Nutman and his colleagues traveled to the Isua Greenstone Belt, located in the Nuuk region on the southwest coast of Greenland. The town of Nuuk is situated on the coast, squeezed between the Labrador Sea and an inland ice cap. But between the town and the ice is a stretch of exposed rock called the Isukasia Terrane, where 3.7 billion-year-old rocks lie exposed at the Earth’s surface.
Nutman and others believe these layered features in the Isua rocks are stromatolites. However, other early-life experts have posed valid questions about the find and are awaiting more verification before casting a final opinion. Science is an arena where intelligent debate freely occurs — probably contributing to its absence in much government policymaking today.The investigations are still in progress, and the final jury is out, but detectable, photosynthesizing, oxygen-producing life may have inhabited the early Earth’s shallow seas 3.7 billion years ago.
Speculation: Before the Evidence
No direct evidence exists of an early Hadean/Archean world populated by chemosynthetic bacteria. But a direct evolutionary jump from organic molecules to DNA-laden cyanobacteria seems unlikely. Such an evolutionary leap would be like Henry Ford setting up his factory and then having a modern-day Lamborghini as the first car off the assembly line. However, you don’t go from Model T technology to a Lamborghini in one step.
Modern chemosynthetic bacteria thrive today in some of the most inhospitable environments on the Earth. They call hydrothermal vents at the bottom of the ocean home. The bone-crushing pressures and hellish temperatures around these vents make them happy. They also thrive deep in the polar ice, hidden in remote caves, and they even flourish in petroleum deposits. Chemosynthetic bacteria have been found in oil pipelines where they eat from raw hydrocarbon flows and poop out sulfuric acid. They are tough little creatures and come with a set of skills, making them ideal for the harsh conditions on a young Earth.
These soft, single-celled, chemosynthetic organisms probably lived, died, and evolved for a billion years before the first photosynthesizing blue-green algae produced significant free oxygen. Unfortunately, these organisms had no defense against oxygen toxicity.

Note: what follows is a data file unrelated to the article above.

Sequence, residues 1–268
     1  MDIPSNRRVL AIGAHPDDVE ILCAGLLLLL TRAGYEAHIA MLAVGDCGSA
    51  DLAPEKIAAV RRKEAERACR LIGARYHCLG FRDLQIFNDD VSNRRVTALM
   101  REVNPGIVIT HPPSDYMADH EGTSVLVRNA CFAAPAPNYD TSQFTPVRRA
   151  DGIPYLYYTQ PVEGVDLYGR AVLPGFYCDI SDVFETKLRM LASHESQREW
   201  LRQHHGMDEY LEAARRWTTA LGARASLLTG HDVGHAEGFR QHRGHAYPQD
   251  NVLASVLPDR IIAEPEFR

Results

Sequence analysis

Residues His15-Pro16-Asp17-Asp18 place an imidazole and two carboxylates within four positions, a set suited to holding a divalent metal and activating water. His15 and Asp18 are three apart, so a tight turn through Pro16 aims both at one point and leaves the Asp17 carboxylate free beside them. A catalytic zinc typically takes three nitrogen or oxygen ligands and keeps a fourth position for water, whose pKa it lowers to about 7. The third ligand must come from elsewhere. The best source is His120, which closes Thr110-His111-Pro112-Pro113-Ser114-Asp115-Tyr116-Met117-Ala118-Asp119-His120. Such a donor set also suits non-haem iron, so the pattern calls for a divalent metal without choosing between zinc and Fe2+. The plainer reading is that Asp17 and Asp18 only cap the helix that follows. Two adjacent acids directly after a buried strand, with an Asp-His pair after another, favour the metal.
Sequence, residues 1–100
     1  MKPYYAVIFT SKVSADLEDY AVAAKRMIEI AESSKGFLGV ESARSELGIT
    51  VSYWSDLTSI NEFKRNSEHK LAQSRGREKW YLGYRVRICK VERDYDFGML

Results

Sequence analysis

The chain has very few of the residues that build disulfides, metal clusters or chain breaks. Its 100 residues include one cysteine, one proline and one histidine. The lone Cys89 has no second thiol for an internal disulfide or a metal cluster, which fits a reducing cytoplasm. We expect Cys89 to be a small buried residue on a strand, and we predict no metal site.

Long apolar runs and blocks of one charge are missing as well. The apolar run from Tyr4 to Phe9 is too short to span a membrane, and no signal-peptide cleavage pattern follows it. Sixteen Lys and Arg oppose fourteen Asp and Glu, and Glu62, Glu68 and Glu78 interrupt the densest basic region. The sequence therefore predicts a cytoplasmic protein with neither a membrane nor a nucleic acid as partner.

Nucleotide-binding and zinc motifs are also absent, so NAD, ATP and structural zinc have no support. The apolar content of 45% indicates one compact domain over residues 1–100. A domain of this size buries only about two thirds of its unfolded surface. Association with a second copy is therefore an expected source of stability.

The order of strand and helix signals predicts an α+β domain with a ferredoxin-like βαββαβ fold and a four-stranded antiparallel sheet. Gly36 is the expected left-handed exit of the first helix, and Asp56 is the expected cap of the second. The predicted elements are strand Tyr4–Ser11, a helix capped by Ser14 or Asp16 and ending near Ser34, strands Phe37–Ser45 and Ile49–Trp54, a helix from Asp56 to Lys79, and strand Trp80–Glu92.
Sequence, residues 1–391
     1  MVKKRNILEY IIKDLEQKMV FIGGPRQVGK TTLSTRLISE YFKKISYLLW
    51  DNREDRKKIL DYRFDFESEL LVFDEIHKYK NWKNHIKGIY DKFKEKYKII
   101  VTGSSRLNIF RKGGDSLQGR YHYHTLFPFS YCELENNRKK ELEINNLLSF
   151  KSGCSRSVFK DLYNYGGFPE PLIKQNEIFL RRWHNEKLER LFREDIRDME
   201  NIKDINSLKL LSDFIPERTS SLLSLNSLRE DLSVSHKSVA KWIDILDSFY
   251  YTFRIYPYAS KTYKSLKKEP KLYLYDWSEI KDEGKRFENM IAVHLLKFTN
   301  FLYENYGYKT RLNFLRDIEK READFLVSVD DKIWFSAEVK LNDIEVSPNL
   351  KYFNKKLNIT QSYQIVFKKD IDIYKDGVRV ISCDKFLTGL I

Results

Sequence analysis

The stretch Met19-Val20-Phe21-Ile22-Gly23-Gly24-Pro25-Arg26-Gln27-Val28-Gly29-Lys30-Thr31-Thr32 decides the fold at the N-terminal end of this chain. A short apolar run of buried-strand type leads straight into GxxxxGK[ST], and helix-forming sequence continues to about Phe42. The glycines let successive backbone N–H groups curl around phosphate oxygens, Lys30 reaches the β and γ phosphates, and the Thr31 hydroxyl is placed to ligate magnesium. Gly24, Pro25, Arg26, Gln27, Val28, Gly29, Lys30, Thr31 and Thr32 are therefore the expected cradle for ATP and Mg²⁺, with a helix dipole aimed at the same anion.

Their soft remains rained onto the ocean floor as they died and disintegrated, leaving no fossilized traces of life’s earliest ecosystem. Perhaps up to a billion years of evolution disappeared as the biosphere oxygenated, wiped out in a hidden mass extinction event.
The nature of the earliest organism on Earth remains a mystery. But abiogenesis worked its magic, and organic life appeared from an inorganic world. Early life wasn’t much to look at — single-cell, chemosynthetic creatures and ancestorial viruses floating in chemical-rich, primordial oceans. It wasn’t pretty, but it was a start.
(Excerpts from Vanishing Origins, read the book on Wattpad as it unfolds)
Or, see my current set of Medium articles as I chronologically trace the development of life on our planet: EarthSphere Page — Forgotten Origins
The EarthSphere Blog: Exploring life and the planet supporting it.
More from ArcheanWeb:
ArcheanWeb: Exploring the environment, art, science, and more
ArcheanArt: Innovative digital art
ArcheanWeb On Medium:
EarthSphere Publication — Science and the environment
Dropstone Publication — Stories, life observations, art, and more
Reflections on life’s journey and thoughts on the Tao Te Ching — In Search of a Path
A fictional adventure about the origins of life — The Strings of Life
Stories in progress on WattPad